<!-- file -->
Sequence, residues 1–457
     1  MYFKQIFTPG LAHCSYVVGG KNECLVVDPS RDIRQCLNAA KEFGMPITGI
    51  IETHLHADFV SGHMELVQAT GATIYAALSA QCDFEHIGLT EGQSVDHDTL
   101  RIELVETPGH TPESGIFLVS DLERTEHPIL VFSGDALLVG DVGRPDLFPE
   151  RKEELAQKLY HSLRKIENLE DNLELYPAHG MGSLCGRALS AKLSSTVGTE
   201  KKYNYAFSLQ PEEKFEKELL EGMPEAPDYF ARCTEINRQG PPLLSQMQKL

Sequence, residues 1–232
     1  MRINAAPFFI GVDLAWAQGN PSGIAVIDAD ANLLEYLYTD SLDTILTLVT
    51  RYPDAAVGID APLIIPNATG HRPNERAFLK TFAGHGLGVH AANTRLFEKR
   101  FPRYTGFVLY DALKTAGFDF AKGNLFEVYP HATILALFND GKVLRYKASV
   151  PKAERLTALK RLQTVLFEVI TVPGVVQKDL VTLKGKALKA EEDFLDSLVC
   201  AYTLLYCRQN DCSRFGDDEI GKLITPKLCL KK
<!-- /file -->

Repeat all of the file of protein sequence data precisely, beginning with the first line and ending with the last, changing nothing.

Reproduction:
Sequence, residues 1–457
     1  MYFKQIFTPG LAHCSYVVGG KNECLVVDPS RDIRQCLNAA KEFGMPITGI
    51  IETHLHADFV SGHMELVQAT GATIYAALSA QCDFEHIGLT EGQSVDHDTL
   101  RIELVETPGH TPESGIFLVS DLERTEHPIL VFSGDALLVG DVGRPDLFPE
   151  RKEELAQKLY HSLRKIENLE DNLELYPAHG MGSLCGRALS AKLSSTVGTE
   201  KKYNYAFSLQ PEEKFEKELL EGMPEAPDYF ARCTEINRQG PPLLSQMQKL

Sequence, residues 1–232
     1  MRINAAPFFI GVDLAWAQGN PSGIAVIDAD ANLLEYLYTD SLDTILTLVT
    51  RYPDAAVGID APLIIPNATG HRPNERAFLK TFAGHGLGVH AANTRLFEKR
   101  FPRYTGFVLY DALKTAGFDF AKGNLFEVYP HATILALFND GKVLRYKASV
   151  PKAERLTALK RLQTVLFEVI TVPGVVQKDL VTLKGKALKA EEDFLDSLVC
   201  AYTLLYCRQN DCSRFGDDEI GKLITPKLCL KK